The current meetinghouse webcast solution includes an automatic, audio-only stream, which a receiving site switches to if it cannot maintain video.
It is strongly recommended to have an additional audio backup in place. When audio backup is properly set up beforehand, the stake technology specialist can quickly switch to it if the meetinghouse webcast stream fails for any reason.
Audio Backup Option #1—Using Mobile Phones
When phone lines are not available in meetinghouses for audio backup, it will be necessary to use member-provided mobile phones. These phones will need to be charged and plugged into a power outlet to keep the phone charged during the entire webcast. These phones should have a strong connection to their telecom providers in the meetinghouse where the phone will be located.
The stake technology specialist or other technical assistants helping with the webcast should not use their phones in this situation. They will need to communicate in the background with each other at their respective broadcast or receiving sites.
The mobile phones will need to establish a phone connection that will remain turned on for the duration of the broadcast. One phone will be positioned on the pulpit at the broadcast location where the speakers stand, and the other phone will be on the pulpit at the receiving location. The receiving location will have the volume turned down low—even off—until there is a need for the backup.
If the webcast fails to transmit video and audio, the technology specialist at the receiving location should go to the pulpit and turn up the volume on the phone speaker. The microphone should already be positioned toward the phone, and audio should be played over the sound system in the chapel.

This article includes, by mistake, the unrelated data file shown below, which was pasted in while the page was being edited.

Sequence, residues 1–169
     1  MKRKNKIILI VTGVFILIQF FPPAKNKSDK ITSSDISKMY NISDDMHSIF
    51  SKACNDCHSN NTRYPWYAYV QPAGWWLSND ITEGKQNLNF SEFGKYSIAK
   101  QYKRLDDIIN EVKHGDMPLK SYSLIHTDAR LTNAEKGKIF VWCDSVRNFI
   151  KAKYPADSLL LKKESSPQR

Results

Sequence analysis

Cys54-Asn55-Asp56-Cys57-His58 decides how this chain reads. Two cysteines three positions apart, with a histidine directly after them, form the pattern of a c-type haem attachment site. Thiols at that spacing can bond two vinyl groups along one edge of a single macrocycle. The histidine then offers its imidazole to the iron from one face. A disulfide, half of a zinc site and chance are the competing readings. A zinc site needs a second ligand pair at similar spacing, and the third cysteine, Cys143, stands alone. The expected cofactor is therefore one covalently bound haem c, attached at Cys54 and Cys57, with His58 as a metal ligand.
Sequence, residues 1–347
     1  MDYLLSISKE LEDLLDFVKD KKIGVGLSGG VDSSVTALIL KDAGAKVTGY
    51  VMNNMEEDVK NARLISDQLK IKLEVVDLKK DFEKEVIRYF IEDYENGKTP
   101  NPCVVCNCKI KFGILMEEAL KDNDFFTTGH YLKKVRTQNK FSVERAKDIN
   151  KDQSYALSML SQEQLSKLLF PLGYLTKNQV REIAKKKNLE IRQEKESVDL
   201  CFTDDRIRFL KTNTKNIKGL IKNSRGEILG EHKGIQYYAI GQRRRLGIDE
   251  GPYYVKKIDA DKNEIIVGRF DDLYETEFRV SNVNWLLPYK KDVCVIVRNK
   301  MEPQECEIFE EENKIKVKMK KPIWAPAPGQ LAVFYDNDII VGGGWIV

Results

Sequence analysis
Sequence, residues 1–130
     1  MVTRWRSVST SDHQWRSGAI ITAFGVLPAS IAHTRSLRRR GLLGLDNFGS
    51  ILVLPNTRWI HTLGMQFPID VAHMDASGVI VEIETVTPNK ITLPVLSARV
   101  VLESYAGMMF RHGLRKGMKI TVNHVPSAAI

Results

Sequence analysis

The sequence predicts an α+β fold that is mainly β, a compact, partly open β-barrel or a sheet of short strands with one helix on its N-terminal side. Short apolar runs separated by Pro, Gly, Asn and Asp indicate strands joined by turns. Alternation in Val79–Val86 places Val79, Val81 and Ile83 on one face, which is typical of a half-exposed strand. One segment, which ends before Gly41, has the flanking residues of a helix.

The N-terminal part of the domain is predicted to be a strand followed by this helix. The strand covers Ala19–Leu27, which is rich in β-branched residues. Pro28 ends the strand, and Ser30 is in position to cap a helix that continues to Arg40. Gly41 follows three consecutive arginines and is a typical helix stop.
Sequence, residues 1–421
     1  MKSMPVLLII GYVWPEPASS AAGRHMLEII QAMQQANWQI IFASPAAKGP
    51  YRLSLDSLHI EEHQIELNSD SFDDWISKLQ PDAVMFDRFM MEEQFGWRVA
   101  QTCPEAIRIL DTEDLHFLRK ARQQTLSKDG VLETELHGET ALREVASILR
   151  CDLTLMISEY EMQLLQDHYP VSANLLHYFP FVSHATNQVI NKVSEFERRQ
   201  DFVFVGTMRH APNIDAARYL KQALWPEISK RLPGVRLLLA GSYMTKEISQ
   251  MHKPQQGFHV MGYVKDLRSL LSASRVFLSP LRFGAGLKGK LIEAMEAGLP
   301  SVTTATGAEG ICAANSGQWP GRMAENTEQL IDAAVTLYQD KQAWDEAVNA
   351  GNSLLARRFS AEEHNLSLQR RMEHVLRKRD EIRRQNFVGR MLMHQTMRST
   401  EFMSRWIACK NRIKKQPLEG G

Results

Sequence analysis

Audio Backup Options for Multiple Receiving Sites
When you have multiple receiving sites, the options described above for audio backup are still valid. However, instead of a direct phone connection, the stake technology specialist will set up an audio conference bridge that the receiving sites should call into to join the broadcast location. The audio conference bridge will need to be established prior to the event. Each area will need to set up their own audio bridge with audio bridge providers. If audio backup becomes necessary, then the technology specialist at each site needs to turn up the volume on the phone’s speaker.
How to Connect the Mobile Phone Audio into the Church Building’s Sound System
When the audio backup is activated, it is advisable to run the sound from the receiving mobile phone into the meetinghouse audio distribution system. This is done by plugging a EJ-10 crab box device into a nearby XLR (microphone) input jack. Then plug the yellow cable (1/8-Inch) into the mobile phone’s headphone port and the other end of cable (1/4-Inch) into the stereo port in the EJ-10 crab box. Test the sound levels to ensure that when the system is activated it doesn’t create any disruptive sounds.
Audio Backup Option #2—Using Traditional Phone Lines
Phone Backup Connections (Originating Side)
- Use a cable that has 2 1/4-Inch connectors.
- Connect one end of the cable to the 1/4-Inch jack labeled Right Out on the mixer.
- Plug the other end into the EJ-10.
- Connect the EJ-10 to the RJ-11 line jack on a telephone. The audio feed from the mixer is now ready to go out over the phone line.
- Using that phone, call the receiving location.
Phone Backup Connections (Receiving Side)
- Leave a phone from a clerk’s office plugged into its phone jack (or use a cell phone if necessary), and bring that phone to the front of the chapel where the EJ-10 is located between the laptop and the PA system.
- Connect the phone to the side jacks on the EJ-10 to test the reception of the audio. Once it is tested and working, unplug the phone from the EJ-10 and only plug it back in if the internet webcast fails.
- The audio backup solution is now ready to use if needed.
For additional support, contact the Global Service Center.